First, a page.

Pooling resources

Pooling resources

By taking advantage of Perth’s abundant geothermal resources, a new aquatic centre in Armadale is substantially reducing its reliance on natural gas to heat its swimming pools and indoor areas. Sean McGowan reports on the 2021 AIRAH Awards Excellence in Sustainability finalist.

By Sean McGowan

Groundwater from aquifers in the central onshore Perth Basin is one of the area’s most important water resources, contributing 39 per cent of the city’s potable water under the Integrated Water Supply Scheme (IWSS). 

One of these aquifers is the deep Yarragadee freshwater aquifer, which covers some 4,885km² of onshore area in the south-west of Western Australia. 

As well as providing a robust supply of water even in dry years due to its vast size and limited connection to the surface environment, its location has led to its use as a reliable geothermal heating resource. 

The earliest use of the aquifer in this way is said to have occurred at the Perth Zoological Gardens in 1898. A bore was sunk to deliver 40°C groundwater used to heat the newly opened zoo’s reptile house. 

In more recent times, the aquifer has provided energy efficient heating to a number of aquatic centres around the city – among them the redevelopment of the Armadale Fitness and Aquatic Centre.

Located in Perth’s south-eastern suburbs, and originally established in the 1980s, Armadale Aquatic Centre has undergone a $26 million upgrade. The aim was to provide the local community with a fully integrated, modern, year-round facility. 

Designed by Donovan Payne Architects and built by PS Structures, the centre was reimagined to better cater for the community’s recreation, leisure and social needs. 

Officially opening in March 2019, the new facility features geothermally heated indoor pools, an outdoor pool, covered leisure and program pools, as well as wellness suite, gymnasium and other facilities.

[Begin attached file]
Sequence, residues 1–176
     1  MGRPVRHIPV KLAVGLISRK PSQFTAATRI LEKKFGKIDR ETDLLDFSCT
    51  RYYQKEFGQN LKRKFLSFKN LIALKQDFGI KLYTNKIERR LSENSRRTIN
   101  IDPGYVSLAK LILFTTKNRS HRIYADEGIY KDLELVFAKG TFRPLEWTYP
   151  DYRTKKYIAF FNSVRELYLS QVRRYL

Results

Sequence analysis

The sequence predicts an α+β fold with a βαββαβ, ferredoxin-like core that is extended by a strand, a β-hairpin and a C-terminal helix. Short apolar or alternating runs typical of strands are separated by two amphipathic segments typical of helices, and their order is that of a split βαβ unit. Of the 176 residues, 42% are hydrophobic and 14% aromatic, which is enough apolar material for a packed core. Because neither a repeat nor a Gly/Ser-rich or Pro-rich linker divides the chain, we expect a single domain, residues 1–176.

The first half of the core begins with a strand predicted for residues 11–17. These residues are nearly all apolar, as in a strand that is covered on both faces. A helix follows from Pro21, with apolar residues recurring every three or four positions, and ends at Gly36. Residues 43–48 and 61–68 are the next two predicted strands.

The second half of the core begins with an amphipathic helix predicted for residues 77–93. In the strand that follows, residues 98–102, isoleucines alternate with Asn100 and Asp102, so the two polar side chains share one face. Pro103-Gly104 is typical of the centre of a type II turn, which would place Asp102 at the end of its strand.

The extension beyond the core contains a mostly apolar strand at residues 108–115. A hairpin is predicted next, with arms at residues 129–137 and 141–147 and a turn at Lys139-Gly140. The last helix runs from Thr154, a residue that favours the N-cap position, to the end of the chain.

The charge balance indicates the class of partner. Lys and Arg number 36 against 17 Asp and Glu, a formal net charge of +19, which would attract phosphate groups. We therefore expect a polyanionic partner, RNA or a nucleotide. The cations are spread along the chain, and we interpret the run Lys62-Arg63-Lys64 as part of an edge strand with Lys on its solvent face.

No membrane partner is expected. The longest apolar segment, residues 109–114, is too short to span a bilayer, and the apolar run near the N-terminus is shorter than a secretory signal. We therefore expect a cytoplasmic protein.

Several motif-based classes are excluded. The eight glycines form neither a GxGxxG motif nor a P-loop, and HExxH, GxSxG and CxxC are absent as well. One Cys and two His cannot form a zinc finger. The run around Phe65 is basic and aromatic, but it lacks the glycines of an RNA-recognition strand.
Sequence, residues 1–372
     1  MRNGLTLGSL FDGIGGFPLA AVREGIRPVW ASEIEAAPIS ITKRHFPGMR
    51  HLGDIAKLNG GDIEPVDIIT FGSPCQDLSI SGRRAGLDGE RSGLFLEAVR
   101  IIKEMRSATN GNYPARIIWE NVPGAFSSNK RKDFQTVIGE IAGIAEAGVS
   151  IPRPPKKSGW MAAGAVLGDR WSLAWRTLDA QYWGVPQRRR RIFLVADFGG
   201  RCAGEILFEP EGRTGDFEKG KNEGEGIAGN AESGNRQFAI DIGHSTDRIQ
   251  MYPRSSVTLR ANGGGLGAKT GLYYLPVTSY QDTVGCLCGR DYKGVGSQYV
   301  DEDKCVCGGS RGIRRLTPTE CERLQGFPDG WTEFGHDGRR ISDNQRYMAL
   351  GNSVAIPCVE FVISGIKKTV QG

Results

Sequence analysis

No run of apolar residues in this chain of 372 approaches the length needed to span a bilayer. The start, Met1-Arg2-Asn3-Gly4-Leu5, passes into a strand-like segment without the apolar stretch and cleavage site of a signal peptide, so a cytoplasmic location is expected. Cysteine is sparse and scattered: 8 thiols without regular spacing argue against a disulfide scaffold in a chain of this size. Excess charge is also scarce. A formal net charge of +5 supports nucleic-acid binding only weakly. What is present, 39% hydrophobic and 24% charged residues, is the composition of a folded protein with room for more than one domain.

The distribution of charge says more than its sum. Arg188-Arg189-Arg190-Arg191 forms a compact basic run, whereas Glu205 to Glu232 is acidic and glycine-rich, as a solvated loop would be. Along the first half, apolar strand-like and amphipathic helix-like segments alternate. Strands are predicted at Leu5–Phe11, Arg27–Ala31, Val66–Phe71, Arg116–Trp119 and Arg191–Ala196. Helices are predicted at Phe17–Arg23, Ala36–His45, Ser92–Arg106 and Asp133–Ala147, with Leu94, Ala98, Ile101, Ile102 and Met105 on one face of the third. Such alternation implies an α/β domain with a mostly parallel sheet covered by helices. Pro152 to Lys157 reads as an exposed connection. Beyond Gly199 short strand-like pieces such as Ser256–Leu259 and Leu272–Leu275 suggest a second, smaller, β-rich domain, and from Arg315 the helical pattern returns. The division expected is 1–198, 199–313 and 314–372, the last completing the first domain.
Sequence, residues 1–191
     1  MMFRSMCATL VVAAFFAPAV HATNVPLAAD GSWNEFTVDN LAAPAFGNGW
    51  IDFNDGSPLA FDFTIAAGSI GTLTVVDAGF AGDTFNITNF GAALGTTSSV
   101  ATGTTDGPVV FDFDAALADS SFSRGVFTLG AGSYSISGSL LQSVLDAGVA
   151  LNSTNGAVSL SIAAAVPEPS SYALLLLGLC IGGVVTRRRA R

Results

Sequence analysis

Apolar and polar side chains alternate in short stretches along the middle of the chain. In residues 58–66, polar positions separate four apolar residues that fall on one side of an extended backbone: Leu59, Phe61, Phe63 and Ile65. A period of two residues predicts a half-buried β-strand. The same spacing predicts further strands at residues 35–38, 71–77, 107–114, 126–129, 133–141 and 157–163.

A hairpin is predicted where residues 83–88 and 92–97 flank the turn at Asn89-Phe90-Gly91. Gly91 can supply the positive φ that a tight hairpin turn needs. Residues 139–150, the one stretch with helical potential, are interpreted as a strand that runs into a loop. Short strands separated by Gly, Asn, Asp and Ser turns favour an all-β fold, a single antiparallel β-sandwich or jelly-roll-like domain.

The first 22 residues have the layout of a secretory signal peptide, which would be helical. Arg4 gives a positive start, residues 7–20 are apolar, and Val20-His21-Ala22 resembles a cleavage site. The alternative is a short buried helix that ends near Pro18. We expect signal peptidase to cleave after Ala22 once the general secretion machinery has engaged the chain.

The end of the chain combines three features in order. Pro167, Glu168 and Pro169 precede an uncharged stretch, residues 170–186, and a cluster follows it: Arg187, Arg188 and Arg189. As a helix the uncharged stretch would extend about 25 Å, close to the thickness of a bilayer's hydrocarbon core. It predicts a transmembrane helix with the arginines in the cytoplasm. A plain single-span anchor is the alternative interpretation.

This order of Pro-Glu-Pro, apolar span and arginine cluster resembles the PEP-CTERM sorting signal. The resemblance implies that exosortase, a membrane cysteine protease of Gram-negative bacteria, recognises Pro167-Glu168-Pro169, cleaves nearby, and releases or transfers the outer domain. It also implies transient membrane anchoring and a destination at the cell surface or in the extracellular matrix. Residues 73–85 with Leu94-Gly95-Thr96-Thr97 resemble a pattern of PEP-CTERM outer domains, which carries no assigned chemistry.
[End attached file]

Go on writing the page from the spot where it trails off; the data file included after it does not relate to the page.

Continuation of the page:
Balancing the system is made more complicated by the different heating requirements of the pools – the outdoor pool, for example, experiences greater heat loss.

Breaking Ground

To reduce the new aquatic centre’s reliance on natural gas for the heating of its four swimming pools, a decision was made early on to incorporate a geothermal pool heating system into the overall mechanical services design by WSP. The pool filtration was designed by Norman Disney and Young (NDY). 

PDF Engineering was subsequently engaged by PS Structures in the role of commissioning manager, which would include the commissioning of the geothermal heating system. 

According to PDF Engineering director Ian Harwood, F.AIRAH, there are several factors that make Perth unique and well-positioned to take advantage of the aquifer’s geothermal properties. 

“Perth is largely situated on sand, with little clay or rock, so this makes drilling comparatively easy and reduces the cost,” he says. 

“The type of sand also provides good permeability at the water table, meaning that the pumping pressure required is lower. Hydrogeologists look for coarse sand with little silt at the depth they want to draw the water from.”